There’s the further problem of who would be acceptable as a ‘caretaker’ PM during this strange, six-month administration. Labour will lack an elected deputy to step up. How would Labour MPs choose their ‘leader in parliament’? Would Hilary Benn step in? Would Harriet Harman? More credible would be John McDonnell perhaps, only because if he and Corbyn jointly agreed on the idea, then it could be more palatable to members.

If Labour does end up in a minority government, the Lib Dems would want to gut most of the more radical bits 2019 manifesto, like nationalisations and shares-grabs of companies. The Libs could agree a Budget to jack up taxes on the top 5% and pump cash into public services, but would McDonnell stand for his programme being watered down by a party that was not even in coalition with Labour?

The ‘replace Corbyn’ scenario certainly seems outlandish the more you think about it. Yet it persists as a Remainer fantasy. And what’s given the idea legs tonight is a SkyNews interview by former civil service chief Lord Kerslake. He said that if Labour was forced into a minority administration they would need to talk to the SNP and their demand for an independence referendum.

But Kerslake (who advised McDonnell in the past and was the man who told Karie Murphy she was leaving the leader’s office) also reminded everyone that “the Lib Dems have said they couldn’t support a Jeremy Corbyn led government”. He then added: “All of that no doubt would form part of the conversation that Labour would be having informally with those two parties.”

Michael Gove (who thought the real Kerslake story was talks about SNP plans) tried to seize on Kerslake’s words but seems to have totally missed the main story. Here was a former Whitehall mandarin, with close ties to the shadow chancellor, who seemed to be saying Labour would have ‘a conversation’ with minor parties about whether Corbyn should stay.‌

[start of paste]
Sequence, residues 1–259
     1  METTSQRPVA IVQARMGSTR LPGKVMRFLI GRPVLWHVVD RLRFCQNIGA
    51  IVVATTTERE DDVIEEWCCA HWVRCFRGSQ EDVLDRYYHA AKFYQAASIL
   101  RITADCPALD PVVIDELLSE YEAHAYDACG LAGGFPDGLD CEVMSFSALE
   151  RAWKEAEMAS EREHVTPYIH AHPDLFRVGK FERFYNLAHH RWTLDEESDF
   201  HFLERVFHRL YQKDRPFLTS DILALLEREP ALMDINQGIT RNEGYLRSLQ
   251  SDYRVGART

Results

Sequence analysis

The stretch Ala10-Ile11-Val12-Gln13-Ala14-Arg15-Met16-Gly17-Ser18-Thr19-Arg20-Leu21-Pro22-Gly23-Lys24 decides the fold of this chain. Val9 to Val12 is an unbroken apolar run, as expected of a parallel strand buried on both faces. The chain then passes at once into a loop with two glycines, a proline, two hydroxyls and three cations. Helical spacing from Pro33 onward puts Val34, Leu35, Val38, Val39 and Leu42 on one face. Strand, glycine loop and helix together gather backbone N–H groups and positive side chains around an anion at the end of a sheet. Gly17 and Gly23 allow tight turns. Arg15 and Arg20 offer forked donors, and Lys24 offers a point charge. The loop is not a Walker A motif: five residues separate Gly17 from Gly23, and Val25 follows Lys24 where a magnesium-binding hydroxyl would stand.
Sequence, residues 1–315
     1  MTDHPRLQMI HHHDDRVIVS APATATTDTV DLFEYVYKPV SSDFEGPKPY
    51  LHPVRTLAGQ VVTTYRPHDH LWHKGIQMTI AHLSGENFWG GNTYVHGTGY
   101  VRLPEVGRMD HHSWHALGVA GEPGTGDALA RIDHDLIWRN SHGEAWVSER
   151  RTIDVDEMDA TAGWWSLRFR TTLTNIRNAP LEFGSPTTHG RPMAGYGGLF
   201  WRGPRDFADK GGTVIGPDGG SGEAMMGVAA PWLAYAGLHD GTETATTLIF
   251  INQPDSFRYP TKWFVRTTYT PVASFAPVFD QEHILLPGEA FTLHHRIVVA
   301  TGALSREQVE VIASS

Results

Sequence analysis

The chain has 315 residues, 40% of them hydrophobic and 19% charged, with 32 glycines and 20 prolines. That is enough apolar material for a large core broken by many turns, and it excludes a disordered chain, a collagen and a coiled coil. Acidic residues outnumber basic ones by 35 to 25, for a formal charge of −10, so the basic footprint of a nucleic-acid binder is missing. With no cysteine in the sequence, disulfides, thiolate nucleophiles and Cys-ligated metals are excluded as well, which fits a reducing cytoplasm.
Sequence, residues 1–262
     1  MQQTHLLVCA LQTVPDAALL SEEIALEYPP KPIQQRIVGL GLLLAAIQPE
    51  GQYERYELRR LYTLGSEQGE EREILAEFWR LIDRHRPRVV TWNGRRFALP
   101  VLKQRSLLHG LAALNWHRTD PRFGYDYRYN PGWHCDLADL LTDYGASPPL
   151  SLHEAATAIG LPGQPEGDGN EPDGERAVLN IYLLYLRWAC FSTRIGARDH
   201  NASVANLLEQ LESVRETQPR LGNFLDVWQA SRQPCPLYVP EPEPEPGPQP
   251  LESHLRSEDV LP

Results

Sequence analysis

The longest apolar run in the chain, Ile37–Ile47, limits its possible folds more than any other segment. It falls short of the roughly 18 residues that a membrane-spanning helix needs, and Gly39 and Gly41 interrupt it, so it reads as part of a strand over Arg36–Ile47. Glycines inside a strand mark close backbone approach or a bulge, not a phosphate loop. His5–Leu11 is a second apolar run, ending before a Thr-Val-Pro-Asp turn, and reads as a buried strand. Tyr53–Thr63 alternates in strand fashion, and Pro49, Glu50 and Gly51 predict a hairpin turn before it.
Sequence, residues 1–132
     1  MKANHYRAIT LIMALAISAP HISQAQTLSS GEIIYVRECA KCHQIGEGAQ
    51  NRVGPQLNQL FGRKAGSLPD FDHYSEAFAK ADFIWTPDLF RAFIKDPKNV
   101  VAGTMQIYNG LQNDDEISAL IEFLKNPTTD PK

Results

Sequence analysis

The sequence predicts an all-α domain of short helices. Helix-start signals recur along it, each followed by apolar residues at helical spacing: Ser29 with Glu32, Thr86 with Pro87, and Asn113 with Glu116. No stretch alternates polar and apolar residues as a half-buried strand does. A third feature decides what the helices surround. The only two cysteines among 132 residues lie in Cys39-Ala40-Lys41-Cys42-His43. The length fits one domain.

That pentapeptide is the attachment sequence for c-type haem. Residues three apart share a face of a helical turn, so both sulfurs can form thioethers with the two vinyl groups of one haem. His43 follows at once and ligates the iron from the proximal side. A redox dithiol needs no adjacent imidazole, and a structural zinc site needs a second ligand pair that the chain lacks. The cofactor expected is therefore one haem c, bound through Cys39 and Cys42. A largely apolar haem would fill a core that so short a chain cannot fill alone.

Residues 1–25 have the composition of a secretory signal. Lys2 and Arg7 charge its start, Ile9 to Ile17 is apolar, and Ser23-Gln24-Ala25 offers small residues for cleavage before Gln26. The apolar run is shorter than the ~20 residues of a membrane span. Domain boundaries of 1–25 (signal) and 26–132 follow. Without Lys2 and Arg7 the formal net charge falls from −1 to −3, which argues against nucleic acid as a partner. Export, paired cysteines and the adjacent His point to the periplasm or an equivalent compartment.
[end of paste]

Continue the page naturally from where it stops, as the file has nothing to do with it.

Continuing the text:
Blair said today that this election was “the weirdest of my lifetime’. If Corbyn managed to lead his party a second time in denying the Tories a majority, it would be truly weird if he then decided to depart the scene. But given the twists and turns of the past year, it would be very, very 2019.

Quote Of The Day

“They’re peddling two sets of fantasies. And both, as majority governments, pose a risk it would be unwise for the country to take.”

Tony Blair on Boris Johnson and Jeremy Corbyn’s manifestos.

Monday’s Election Cheat Sheet

Tony Blair backed tactical voting to deny both Jeremy Corbyn and Boris Johnson an outright majority in the election. Corbyn hit back that his manifesto was “a sensible, costed plan”.‌

Downing Street announced the PM planned to hold a slimmed-down Queen’s speech and the state opening of parliament on Thursday December 19, just two days after MPs return to parliament to be sworn in following the election. The Commons could sit as late as Monday December 23rd. No.10 admitted if Labour won the election the plan would change.‌

Corbyn promised to “put bad landlords out of business” and bring in inflation-linked rent controls in England. Landlords would face a “property MOT”, with fines of up to £100,000 their properties were found to be sub-standard.‌

Ian Taylor, former Tory MP for Esher and Walton and noted Europhile, tweeted a letter of support for the Liberal Democrat challenger to his successor Dominic Raab. A recent polling analysis suggested Raab’s safe majority could be slashed by the Lib Dems.

Karl McCartney, former MP and Tory candidate for Lincoln, apologised for retweeting posts from former English Defence League leader Tommy Robinson. Lee Anderson, the Tory candidate for Ashfield, was caught on microphone trying to fake a doorstep interaction with a supporter to make it look spontaneous.

As he took part in a bricklaying photocall, Jeremy Corbyn was asked by ITV’s LIbby Wiener if his campaign had ‘hit a brick wall’. He replied: “That is a really poor joke, I would have thought you could have done better than that. The campaign’s going just great.”

What I’m Reading

My 13 Elections Ranked - Phil Webster, Tortoise